null Does the COVID-19 vaccine work for people living with HIV?
RI-MUHC scientist Dr. Cecilia Costiniuk is co-principal investigator in a new national study that hopes to answer critical questions around the effectiveness of the COVID-19 vaccine for people living with HIV
SOURCE: MUHC, with the CTN and CITF. People living with HIV are potentially at increased risk of serious illness if they get infected with COVID-19 and reduced response to COVID-19 vaccination. Some are concerned with the level of protection the vaccine will provide and are looking for answers that are not yet available. A new national study called HIVCOV, conducted by the CIHR Canadian HIV Trials Network (CTN) and a large team of co-investigators and collaborators from across Canada, will assess the immune responses, safety, and effectiveness of COVID-19 vaccination for this vulnerable population.
Results will help inform vaccination guidelines
“At the current time, we don’t completely understand how HIV itself impacts the immune response to COVID-19 vaccination,” explains the CTN’s Cecilia Costiniuk, MD, M.Sc., the study’s co-principal investigator and scientist at the Research Institute of the McGill University Health Centre. “Past experience has taught us that many people living with HIV do not have as robust an immune response to many common vaccines when compared to people who do not have HIV infection.”
This has meant that people living with HIV may need higher doses of vaccines, or additional boosters, to get the same protection as others. Studying the immune system of this population after COVID-19 vaccination will help provide guidance on dosing strategies as well as public health and clinical practice guidelines for the 67,000 Canadians living with HIV.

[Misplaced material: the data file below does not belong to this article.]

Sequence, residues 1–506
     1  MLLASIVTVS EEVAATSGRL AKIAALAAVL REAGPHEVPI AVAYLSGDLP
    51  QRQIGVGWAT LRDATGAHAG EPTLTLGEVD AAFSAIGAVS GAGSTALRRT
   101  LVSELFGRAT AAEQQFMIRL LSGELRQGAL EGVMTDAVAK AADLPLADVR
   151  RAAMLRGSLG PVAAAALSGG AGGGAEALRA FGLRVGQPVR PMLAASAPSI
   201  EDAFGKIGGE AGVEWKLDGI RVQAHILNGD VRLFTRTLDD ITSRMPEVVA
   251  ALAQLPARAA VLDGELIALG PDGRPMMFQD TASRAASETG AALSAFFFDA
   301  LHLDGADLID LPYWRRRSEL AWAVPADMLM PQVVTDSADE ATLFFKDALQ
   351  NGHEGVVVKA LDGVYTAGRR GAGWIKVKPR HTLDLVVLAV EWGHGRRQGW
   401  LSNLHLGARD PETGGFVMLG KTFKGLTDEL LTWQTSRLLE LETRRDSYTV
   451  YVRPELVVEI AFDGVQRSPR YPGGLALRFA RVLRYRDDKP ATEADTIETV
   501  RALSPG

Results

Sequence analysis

The HIVCOV team will recruit 400 people living with HIV from clinics in Montreal, Ottawa, Toronto, and Vancouver. Over the year-long study period, their blood samples will be tested for COVID-19 antibodies and other markers of immune function before and after vaccination. This information will be compared to a control group of 100 people who do not have HIV.
Focus on the most vulnerable subgroups
The researchers will focus on studying older patients, those who have suppressed levels of the white blood cells that fight infection, and people with multiple medical conditions.
The CTN’s Dr. Curtis Cooper, also a co-principal investigator on this study and scientist with The Ottawa Hospital, says, “Small numbers of people living with HIV who are in stable health and with no other medical conditions have been included in previous clinical trials for the vaccines. But that information is not applicable to the most vulnerable subpopulations, which we will be addressing in this study.”
HIVCOV is part of a larger $2.6 million project — COVAXHIV — funded in large part by the Government of Canada through its COVID-19 Immunity Task Force (CITF) and Vaccine Surveillance Reference Group. Additional support has been provided by the CTN, the Canadian Institutes of Health Research (CIHR), and Stop the Spread Ottawa.
To learn more on the HIVCOV study and COVAXHIV, read the CTN web story and CITF news release.
June 16, 2021